100 stones at 15s.£75; each stone calculated to produce 5½lb. of dressed flaxin all 550lb.spun to 30 hanks to the lb, will produce 16,500 hanks. About 158 females will be employed twelve months in spinning, at the rate of two hanks per week (six working days); wages for spinning each hank, about 1s. 8d., or nearly 7d. per diem for each spinner. This quantity of yarn would make 210 webs of cambric pocket-handchiefs, each web containing five dozen. About 18 weavers would be twelve months weaving this quantity, allowing each man a month for each web (17½ weavers exactly); wages per web, £2; or from 9s. 6d. to 10s. per man per week. About 40 females would be employed twelve months in needlework (hemstitch or veining); each could do one handkerchief on each working day; wages, 8s. per dozen, or 8d. per day. The goods, when finished, would be worth £2 10s. per dozen.
158 spinners 12 months, or 52 weeks, at about 3s. 4d. per week . . . £1,369 6 8
18 weavers 12 months, at £24 per annum . . . £432 0 0
40 needlewomen 52 weeks, at 4s. each per week . . . £416 0 0
216 persons employed.
Amount of wages . . . £2,217 6 8
Cost of flax . . . £75
£2,292 6 8
Value of 1 ,050 dozen handkerchiefs, at £2 10s. per dozen . . . £2,625 0 0
Profit . . . £332 13 4
The realizing of this great amount of value depends on the delicacy given to the fibre, and it is hence that so much is due to the leading members of the Flax Society, for their exertions by example and by publications, for the introduction of the most approved Belgian methods. While thus recognizing the benefits which are likely to accrue to Irish industry from this modern institution, it is important not to forget how much we owe to others. The Royal Dublin Society, almost immediately on its foundation, applied itself anxiously to promote the culture of flax, and to improve the methods of its preparation. They obtained the assistance of persons well experienced in the Belgian processes, and so early as 1739 published a volume of papers, principally occupied with directions for the growth and treatment of flax, and which contained intelligibly laid down almost every detail of the processes now being introduced as the newest and most advantageous. Owing to the disastrous social condition of the country, which has so kept it back in every branch of peaceful enterprize, the beneficent intentions of the Dublin Society were not carried out, but now that with renewed energy, it labours to awaken Irish industry, that it possesses in numerous junior societies so many active co-operators, and that the people, by education and steadiness of habits, are become more fitted for
p.320the pursuits of peaceful industry, it is to be hoped that the seed shall no longer be scattered upon an unfruitful soil, but spring forth with a sound and vigorous vegetation, which may bring peace, abundance, and contentment to the land.
It only remains to indicate, in a general manner, the extent to which the mechanical manufacture of flax is prosecuted in this country. In the work on Ireland, published by Mr. and Mrs. Hall, some statistical results are given, which they obtained by personal inquiry in Belfast, and which, though probably above the truth, are not more exaggerated than is usual with such general estimates. They consider that there are in Belfast, now at work, 155,000 spindles, consuming 210 tons of flax per week, and that there are employed in the manufacture of flax, 170,000 hands. They estimate the total number of persons supported by the linen trade as not less than half a million: that the annual value of the linen cloth manufactured in Ulster is not less than £4,000,000: the capital involved in its production not less than £5,000,000, and that the annual amount of wages paid to those engaged in the manufacture amounts to £1,200,000. This sum, for the 170,000 above mentioned, would make the average wages to be only 2s. 9d. per week.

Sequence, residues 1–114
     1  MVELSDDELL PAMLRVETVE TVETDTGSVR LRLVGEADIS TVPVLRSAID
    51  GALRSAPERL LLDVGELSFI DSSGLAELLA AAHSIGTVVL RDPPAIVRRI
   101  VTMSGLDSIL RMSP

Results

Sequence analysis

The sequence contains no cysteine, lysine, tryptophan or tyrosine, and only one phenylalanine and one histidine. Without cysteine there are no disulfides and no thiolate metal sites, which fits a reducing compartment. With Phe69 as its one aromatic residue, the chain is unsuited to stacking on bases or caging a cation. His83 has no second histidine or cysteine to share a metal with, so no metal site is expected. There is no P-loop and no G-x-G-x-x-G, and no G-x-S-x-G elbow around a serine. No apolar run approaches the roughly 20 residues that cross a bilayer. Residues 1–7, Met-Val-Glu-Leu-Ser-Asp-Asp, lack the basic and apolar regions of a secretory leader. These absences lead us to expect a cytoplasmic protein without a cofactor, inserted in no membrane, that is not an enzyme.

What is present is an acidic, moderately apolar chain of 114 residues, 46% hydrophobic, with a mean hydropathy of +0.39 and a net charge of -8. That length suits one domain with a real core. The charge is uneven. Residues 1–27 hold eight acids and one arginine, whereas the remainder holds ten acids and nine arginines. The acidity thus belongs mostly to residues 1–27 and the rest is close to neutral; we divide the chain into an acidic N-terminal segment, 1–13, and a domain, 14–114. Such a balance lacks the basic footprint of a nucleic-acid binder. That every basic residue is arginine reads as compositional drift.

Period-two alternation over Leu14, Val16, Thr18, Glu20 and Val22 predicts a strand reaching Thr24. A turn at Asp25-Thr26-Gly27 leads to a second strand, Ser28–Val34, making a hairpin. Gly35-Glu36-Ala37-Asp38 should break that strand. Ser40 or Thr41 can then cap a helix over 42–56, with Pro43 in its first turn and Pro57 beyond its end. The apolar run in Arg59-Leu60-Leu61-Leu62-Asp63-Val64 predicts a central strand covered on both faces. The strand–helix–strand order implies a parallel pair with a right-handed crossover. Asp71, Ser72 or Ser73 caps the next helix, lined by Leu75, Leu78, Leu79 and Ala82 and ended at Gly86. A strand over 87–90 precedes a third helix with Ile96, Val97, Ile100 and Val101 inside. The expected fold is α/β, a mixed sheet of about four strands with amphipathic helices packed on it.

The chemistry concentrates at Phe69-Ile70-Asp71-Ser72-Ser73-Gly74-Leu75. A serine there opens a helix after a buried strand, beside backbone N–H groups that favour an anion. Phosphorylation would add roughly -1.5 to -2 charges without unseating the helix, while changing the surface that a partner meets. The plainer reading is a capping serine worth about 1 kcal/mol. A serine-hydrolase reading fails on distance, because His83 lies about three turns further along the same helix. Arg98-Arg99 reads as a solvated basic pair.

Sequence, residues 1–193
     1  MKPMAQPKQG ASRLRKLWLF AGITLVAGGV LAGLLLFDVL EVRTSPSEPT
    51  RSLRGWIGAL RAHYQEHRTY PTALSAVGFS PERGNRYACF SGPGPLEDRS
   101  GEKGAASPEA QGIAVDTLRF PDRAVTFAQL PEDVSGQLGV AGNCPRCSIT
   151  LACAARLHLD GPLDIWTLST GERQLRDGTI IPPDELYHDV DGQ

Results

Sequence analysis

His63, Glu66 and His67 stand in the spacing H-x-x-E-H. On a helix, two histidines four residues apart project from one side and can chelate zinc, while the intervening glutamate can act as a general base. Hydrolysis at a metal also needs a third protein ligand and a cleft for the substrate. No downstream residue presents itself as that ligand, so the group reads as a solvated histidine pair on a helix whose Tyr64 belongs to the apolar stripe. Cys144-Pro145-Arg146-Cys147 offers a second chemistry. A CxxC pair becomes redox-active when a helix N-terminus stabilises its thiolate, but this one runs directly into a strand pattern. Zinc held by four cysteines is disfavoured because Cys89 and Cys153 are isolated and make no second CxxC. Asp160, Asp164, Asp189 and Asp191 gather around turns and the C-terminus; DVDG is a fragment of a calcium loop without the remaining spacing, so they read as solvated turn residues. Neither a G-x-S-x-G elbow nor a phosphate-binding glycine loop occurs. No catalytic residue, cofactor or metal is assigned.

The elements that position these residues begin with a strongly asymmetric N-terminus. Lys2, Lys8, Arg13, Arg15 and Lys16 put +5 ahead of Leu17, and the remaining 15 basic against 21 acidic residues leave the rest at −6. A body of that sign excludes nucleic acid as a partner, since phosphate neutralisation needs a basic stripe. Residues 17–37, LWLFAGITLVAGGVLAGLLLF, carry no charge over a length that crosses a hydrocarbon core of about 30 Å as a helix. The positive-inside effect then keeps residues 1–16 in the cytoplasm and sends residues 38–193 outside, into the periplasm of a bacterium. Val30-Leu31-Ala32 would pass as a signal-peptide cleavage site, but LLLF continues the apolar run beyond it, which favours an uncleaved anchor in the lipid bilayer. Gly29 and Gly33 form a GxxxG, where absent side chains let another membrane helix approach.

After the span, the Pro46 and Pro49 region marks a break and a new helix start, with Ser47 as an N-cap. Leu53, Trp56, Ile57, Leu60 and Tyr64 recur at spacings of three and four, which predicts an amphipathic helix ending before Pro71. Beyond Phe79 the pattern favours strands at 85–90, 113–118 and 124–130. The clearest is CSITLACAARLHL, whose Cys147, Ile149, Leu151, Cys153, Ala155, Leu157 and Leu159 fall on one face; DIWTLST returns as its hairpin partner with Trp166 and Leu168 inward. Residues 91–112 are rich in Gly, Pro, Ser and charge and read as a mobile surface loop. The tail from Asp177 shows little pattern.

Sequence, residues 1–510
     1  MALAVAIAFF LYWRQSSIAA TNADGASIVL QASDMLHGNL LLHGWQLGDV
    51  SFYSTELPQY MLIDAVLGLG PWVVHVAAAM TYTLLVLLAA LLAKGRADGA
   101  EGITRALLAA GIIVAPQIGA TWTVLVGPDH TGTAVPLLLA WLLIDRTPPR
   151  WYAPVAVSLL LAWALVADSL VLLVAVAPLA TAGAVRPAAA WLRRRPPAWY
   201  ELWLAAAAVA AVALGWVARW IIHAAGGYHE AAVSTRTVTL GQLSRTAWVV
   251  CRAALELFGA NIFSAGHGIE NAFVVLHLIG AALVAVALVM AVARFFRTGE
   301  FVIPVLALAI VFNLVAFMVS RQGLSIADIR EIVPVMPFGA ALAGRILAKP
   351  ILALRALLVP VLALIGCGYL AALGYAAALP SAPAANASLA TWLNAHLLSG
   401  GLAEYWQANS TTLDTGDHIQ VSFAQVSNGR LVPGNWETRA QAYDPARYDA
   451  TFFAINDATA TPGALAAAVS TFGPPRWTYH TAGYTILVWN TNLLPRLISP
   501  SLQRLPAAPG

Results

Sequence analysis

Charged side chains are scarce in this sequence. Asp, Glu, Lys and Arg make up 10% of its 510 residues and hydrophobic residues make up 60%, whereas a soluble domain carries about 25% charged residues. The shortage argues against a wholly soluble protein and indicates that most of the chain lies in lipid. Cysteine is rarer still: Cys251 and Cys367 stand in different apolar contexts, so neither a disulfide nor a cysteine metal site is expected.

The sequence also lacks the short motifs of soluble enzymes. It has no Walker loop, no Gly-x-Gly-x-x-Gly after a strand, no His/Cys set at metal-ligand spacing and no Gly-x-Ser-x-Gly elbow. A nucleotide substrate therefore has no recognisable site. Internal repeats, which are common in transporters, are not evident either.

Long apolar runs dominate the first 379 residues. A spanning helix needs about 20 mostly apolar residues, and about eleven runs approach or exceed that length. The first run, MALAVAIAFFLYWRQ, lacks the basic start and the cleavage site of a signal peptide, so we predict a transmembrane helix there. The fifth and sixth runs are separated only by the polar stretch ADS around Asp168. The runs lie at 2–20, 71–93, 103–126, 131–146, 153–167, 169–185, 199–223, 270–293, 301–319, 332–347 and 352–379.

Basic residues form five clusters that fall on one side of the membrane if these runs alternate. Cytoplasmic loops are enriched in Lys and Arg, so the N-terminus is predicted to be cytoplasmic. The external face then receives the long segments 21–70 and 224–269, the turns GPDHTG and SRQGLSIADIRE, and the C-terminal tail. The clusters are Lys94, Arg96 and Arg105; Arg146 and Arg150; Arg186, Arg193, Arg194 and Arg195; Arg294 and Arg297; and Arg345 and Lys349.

The extent of this manufacture stands in such relief from the usual absence of all manufacturing industry in Ireland, that we frequently attach to it a degree of importance and an idea of absolute magnitude that it does not really possess. Thus we often hear the linen manufacture spoken of as being the staple of this country, whilst wool and cotton are in return the natural manufactures of the sister kingdom. In reality, however, Ireland is almost as much behind in this as in every other branch of industry. The town of Dundee alone is considered to manufacture as much linen as all Ireland, and the relation which the manufacture of flax bears in the three kingdoms, is exactly shewn in the following table, which is extracted from the Report of the Factory Inspectors for 1839, since which period no sensible alteration has taken place.
In England there were 169 mills, worked by 4,260 horse power, and employing 16,573 persons.
In Scotland 183 mills, worked by 4,845 horse power, and employing 17,897 persons.
In Ireland forty mills, worked by 1,980 horse power, and employing 9,017 persons.
It is difficult to reconcile this official return with the estimate of Mr. Hall, just before quoted; as the proportion of home-spun and woven linen goods can scarcely be so considerable as to account for the discrepancy.
Finally, the following extracts from official tables, will shew, as far as documents allow, the actual, or, at least, recent, extent of the export trade in linen products.
Export of woven Linen Goods, in yards.
|Years||To Great Britain||To foreign Parts||Total|
Re-export of Irish Linen and Sail-cloth, from Great Britain to foreign parts, in yards.
|Year||Irish Linen||Irish Sail-cloth|
Latterly an extensive trade with the Continent has sprung up, in the exportation of linen yarns, replacing, to a certain extent, the export of woven linens. The money values exported were